DVD-R statment

Discussion in 'Computers' started by MarkHastings, May 23, 2006.

  1. MarkHastings

    MarkHastings Executive Producer

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    All, I work for a company that produces DVD-R's for clients. I have had people complain about these DVD's not working in certain players...

    After troubleshooting, 99.9% of the time, it's related to a machine that isn't capable of playing DVD-R's or their software (in the computer) isn't set properly, etc. etc.

    My boss is looking to come up with some sort of statement that details these 'issues' for clients to look over.

    While I understand that DVD-R's are dye-burned as opposed to stamped, what other issues should I note in this documentation? Does anyone know of a blanket statement (concerning DVD-R's) that I could use?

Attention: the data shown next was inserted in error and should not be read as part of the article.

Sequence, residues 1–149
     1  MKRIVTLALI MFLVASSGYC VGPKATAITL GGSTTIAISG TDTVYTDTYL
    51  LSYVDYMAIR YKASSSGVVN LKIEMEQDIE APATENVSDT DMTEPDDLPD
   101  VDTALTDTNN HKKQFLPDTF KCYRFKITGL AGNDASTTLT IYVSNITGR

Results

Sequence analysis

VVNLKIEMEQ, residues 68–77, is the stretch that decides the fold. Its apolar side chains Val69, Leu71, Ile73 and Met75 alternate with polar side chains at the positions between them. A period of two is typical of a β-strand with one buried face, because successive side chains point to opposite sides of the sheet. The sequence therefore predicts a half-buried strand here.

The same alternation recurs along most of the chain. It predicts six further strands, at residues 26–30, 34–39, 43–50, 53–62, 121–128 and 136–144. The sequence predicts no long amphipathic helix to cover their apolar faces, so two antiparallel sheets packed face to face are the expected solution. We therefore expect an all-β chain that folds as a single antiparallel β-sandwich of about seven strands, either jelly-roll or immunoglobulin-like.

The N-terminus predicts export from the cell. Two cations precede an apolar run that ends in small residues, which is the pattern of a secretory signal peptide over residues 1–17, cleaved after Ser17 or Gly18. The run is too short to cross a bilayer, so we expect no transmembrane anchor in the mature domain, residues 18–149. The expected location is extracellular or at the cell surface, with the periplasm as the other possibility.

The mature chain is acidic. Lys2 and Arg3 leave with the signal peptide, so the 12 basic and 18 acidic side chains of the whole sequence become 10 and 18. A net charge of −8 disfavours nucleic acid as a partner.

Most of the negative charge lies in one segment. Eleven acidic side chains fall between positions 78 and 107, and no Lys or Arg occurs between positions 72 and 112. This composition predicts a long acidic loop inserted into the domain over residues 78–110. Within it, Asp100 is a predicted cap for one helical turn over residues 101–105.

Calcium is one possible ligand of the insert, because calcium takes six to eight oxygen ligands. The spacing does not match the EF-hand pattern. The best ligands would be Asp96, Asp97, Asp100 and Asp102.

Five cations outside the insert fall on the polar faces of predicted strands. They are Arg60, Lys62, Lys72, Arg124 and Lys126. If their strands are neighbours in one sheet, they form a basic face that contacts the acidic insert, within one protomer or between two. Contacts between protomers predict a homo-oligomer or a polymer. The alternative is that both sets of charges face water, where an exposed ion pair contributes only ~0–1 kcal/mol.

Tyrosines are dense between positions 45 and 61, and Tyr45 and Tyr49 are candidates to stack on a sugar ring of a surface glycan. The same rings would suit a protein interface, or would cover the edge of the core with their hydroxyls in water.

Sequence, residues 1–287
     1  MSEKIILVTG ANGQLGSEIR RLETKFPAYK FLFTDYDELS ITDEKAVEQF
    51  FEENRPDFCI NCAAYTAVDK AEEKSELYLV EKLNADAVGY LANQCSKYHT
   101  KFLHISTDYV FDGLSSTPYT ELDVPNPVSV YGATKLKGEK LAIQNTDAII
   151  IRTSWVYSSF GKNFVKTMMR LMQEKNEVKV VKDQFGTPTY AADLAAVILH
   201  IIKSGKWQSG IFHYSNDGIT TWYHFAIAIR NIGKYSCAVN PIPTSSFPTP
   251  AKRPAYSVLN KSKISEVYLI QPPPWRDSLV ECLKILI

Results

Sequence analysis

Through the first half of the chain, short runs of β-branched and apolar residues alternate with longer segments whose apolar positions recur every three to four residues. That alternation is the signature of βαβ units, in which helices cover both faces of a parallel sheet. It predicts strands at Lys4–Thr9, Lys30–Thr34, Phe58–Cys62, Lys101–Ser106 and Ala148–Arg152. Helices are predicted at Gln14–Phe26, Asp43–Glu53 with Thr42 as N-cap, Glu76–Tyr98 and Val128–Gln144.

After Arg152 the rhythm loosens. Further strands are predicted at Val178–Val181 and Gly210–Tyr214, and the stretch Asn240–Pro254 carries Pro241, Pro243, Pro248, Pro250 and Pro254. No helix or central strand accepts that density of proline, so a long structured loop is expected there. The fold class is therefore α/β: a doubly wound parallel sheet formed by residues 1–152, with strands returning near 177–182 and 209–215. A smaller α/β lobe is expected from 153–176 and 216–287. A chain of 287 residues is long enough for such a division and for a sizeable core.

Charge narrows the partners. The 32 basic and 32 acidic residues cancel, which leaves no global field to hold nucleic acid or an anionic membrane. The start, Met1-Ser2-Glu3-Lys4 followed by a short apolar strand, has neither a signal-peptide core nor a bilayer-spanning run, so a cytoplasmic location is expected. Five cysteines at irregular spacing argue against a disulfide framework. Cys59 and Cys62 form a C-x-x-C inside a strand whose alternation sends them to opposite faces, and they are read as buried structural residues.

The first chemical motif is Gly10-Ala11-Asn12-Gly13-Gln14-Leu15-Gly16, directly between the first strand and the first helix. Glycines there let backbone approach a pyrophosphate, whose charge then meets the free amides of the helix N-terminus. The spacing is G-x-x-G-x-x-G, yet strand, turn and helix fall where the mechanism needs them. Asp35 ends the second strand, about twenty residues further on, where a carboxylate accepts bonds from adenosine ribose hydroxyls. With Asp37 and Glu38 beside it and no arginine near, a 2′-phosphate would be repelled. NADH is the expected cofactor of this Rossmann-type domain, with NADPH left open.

Besides being compatible with DVD-R's, what else should I note in this document?

    And ideas would be greatly appreciated.

    Thanks
     
  2. Tekara

    Tekara Supporting Actor

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    The biggest thing I would note now is the age of the player, it is rare for a current DVD-ROM or DVD player to not be able to recognize DVD-R media. The only times that the DVD-Rs that we turn out for clients in our office didn't work is when the player was a 1st or 2nd generation DVD deck.
     
  3. MarkHastings

    MarkHastings Executive Producer

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    Yeah, but do the really cheap players have DVD-R capability? A co-worker had problems with one of those cheap VHS/DVD players. It was almost brand new, but didn't have -R capability.
     
  4. Tekara

    Tekara Supporting Actor

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    That is a good question, the only thing I can really say in regards to that is that I have one of those cheap players that I got from newegg as a freebie with my printer and I haven't had problems with it. However it is something that I could see as being a problem. . . but I'm not really sure how you could really get a client to distinguish that though.